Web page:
How Shame Affects How You Parent

If parents don’t address the shame they’re harboring, it could become a vicious cycle that continues for generations, Gelbart says. If a child triggers a feeling of shame in a parent, it can be easier, on an emotional level, to get angry at the child and get him or her to do something different rather than dealing with the feeling of shame. 

“That’s externalizing shame and putting the blame on the child,” he says. “Men often take shame and externalize it into blame, and that perpetuates the problem as well as involves the children.”

Typically, men are more likely than women to talk about their feelings in relation to someone else, saying for example, “This person makes me feel a certain way,” rather than owning the feeling, Gelbart says. 

“But you need to take responsibility for how you feel, and begin to unravel it so you can talk about it,” Gelbart says. “We teach people to say, ‘I feel…’ in therapy sessions, and the next words have to be something about themselves. You can’t follow with ‘I feel that you…’ That’s not a feeling, that’s an attack or a judgment.”

“I feel you are not a nice person” isn’t actually a “feeling,” he explains. Many men need to do some digging to uncover the feeling beneath that judgement, which could be sadness or hurt. 

“Once they start understanding that, it’s a release, and they start to feel better,” Gelbart says.

Boduryan-Turner says she assumed her patients who are parents would give themselves a break during this unprecedented pandemic, when most of us spent the first half of the year at home with their families almost 24/7. But “quarantine shame” is something she’s seeing a lot lately, she says. Even with the daily stress dial turned up to 11, many parents expect perfection from themselves and are ashamed when they don’t live up to that standard. During the pandemic, perfect parenting is harder than ever with so many more opportunities to do or say things to your kid — or your partner — that you might feel guilty about later.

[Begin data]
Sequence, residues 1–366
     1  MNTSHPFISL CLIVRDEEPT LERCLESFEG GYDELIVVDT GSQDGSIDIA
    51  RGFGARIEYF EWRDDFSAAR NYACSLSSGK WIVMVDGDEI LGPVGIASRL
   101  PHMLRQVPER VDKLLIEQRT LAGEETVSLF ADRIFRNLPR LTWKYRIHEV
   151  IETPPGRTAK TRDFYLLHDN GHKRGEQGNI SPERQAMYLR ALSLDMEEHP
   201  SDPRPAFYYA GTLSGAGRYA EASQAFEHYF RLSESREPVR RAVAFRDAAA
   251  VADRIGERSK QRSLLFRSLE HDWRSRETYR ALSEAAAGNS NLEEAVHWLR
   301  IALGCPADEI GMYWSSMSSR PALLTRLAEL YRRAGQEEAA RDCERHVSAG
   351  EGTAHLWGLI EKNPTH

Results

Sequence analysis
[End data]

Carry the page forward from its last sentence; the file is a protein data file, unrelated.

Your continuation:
In addition, having two parents at home during the pandemic has exacerbated a problem that sometimes comes up for fathers in families where Mom is the primary caregiver, Petersen says. Dads might find that with everyone together, the mother-child relationship dominates, so the ways he usually parents when he’s alone with the kids might not be as effective. Faced with this weird imbalance, men might feel inadequate and start worrying that Mom will lose confidence in his abilities as a father. Plus, families rarely get a break from each other when quarantining, which can intensify issues.

How to Break the Spiral of Parenting Shame

Shame is like a cancer, Boduryan-Turner says. It’s destructive and can spread. To overcome it, it’s important for men first to process how they might have been subjected to shame-triggering messages growing up. 

“I tell clients they need to take care of themselves and change the narrative: You can cry and you can ask for help,” she says. “Your job is not to have all the answers but to do the work you need to do to grow and show up as a better parent.”

A lot of the work involves changing how you perceive things, because the way you see things will determine how you feel more than what your family is doing or saying, Gelbart says. 

“You can see the glass half-full or half-empty; the glass doesn’t have to change,” he says. “If people can take a deeper look and change how they perceive something, they can begin to feel different.”